Review: The Greatest Man In Cedar Hole by Stephanie Doyon

Title: The Greatest Man in Cedar Hole

Author: Stephanie Doyon

Published: Bloomsbury 2005

Synopsis: For generations, Cedar Hole has been the armpit of Gilford County, a town full of apathetic underachievers trapped by a defunct railroad, distrust of the outside world, and their own lack of imagination. It has also been the home of the Pinkhams, a family whose gluttonous reputation stirs up fear and loathing even among the town’s most indifferent citizens. Enter Francis “”Spud”” Pinkham, the youngest of the clan and favorite whipping boy of his nine brutish sisters. Almost from the moment of his unwelcome arrival into the world Francis knows his path in life will be as bumpy as Cedar Hole’s unkempt roads. On the other end of the spectrum is Robert J. Cutler, the bright only child of two factory workers and town golden boy, who gracefully steps into the role of Cedar Hole’s good-hearted visionary. Robert’s blind optimism and unshakable faith dazzles everyone around him — except Francis. When a town competition forces a rivalry between the boys that follows them into adulthood, Francis must struggle to emerge from Robert’s shadow. It is only through love, starting a family of his own, and a brush with the American dream that Francis Pinkham learns just what it takes to become the greatest man in Cedar Hole

Status: Read from January 12 to 14, 2012

My Thoughts:

I’m often drawn to books about small town life, probably because I pine for the community that existed when I was younger where, for better or worse, everyone knew everything about everybody. Cedar Hole is such a town, isolated by geography and their own insular interests, it is place where people are born and die.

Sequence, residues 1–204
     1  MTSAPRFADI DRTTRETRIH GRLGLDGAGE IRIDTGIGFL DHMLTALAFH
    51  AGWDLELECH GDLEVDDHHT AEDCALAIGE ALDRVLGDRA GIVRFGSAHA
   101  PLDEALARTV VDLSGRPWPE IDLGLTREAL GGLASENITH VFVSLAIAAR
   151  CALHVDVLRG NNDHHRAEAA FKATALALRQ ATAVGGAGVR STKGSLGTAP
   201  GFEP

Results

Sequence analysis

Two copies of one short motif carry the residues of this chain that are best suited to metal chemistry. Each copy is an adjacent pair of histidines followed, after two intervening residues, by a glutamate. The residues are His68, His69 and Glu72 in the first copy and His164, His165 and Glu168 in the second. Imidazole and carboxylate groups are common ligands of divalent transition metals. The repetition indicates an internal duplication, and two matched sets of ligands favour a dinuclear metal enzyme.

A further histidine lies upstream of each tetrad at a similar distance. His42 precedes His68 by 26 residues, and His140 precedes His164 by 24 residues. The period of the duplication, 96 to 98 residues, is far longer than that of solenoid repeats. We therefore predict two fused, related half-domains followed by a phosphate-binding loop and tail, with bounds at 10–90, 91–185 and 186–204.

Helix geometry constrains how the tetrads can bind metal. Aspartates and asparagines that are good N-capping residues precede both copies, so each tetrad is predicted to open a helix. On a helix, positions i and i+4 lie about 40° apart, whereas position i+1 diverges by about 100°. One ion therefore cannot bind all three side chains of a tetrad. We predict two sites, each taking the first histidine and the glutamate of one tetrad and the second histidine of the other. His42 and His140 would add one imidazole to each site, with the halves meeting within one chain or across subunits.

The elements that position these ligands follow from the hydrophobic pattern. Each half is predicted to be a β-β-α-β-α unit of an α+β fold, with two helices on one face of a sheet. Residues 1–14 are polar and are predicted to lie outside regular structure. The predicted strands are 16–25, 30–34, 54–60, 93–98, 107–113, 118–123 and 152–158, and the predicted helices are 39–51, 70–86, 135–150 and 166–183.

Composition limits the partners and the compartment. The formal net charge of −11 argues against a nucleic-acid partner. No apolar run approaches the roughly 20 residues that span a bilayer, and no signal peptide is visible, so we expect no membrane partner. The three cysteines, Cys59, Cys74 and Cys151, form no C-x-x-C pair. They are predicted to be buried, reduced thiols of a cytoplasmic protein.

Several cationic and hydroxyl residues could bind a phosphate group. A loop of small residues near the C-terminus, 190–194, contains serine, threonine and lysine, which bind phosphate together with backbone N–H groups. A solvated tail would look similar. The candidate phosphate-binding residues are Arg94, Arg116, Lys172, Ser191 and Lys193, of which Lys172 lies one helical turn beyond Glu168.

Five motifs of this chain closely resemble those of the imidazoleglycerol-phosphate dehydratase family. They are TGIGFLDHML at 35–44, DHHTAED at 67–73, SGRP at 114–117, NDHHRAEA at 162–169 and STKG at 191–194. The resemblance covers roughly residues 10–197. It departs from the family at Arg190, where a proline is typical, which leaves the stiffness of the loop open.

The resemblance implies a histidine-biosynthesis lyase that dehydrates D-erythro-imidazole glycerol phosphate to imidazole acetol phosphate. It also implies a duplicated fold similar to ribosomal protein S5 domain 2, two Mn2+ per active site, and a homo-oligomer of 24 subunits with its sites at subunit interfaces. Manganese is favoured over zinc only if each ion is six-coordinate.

With deft characterisation, Doyon introduces us to Robert J Cutler and Francis ‘Spud’ Pinkham, who are just six at the time. As the youngest of nine children, and the only boy, Francis is already bowed by the expectations of the community. The wild reputation of his sisters precedes him and he is treated according to their behaviour. As an only child of a reclusive mother and quiet father, Robert J Cutler escapes the preconceptions of the town and his individual personality, very different to that of his classmates, is encouraged. While Robert is oblivious to the inequality, Francis is both baffled by, and envious of, Robert’s optimistic nature and the advantages that are afforded him.
Doyen follows the lives of these two boys through their childhood and into adulthood, and it’s a fascinating character study of two men who are born of, and remain in, similar circumstances whose lives take different paths. It is also partly an examination of the nature versus nurture debate, how much of who we are and what we do is innate behaviour, and what effect does expectation have on the choices we make.
As with many small town novels there are a number of supporting characters that never the less have their own distinct personalities, from the disgruntled school teacher who drinks too much to the Sheriff who is woefully unprepared for anything involving real police work. The town of Cedar Hole is almost a character in it’s own right, with it’s tiny stores, unpaved roads and abandoned rail way tracks.

The pace of the novel is slow, very little happens in Cedar Hole, but it is a place you visit for the people not the scenery. I kept turning the pages because I wanted to know how the lives of Robert and Francis would turn out, and who, when all was said and done, the greatest man in Cedar Hole.

The Greatest Man in Cedar Hole is a story of ordinary people doing their best in an ordinary town. Wry, entertaining and bittersweet, this is a novel of growing up and growing old.

2 Comments (+add yours?)

  1. mari (Bookworm with a View)
    Jan 20, 2012 @ 07:36:08

    First, I love seeing Jan 20 on your post when it’s still the 19th here. 🙂

    Sorry this one didn’t workout so good. When reflecting on a slow moving novel, the story can be good, just lacking something (compared to disliking it). I still like a bit more action.

    Like

    Reply

    • shelleyrae @ Book'd Out
      Jan 20, 2012 @ 16:27:24

      LOL I always wondered if you might see a different a date or if it adjusted itself according to the IP location..so this is your future!

      Like

      Reply

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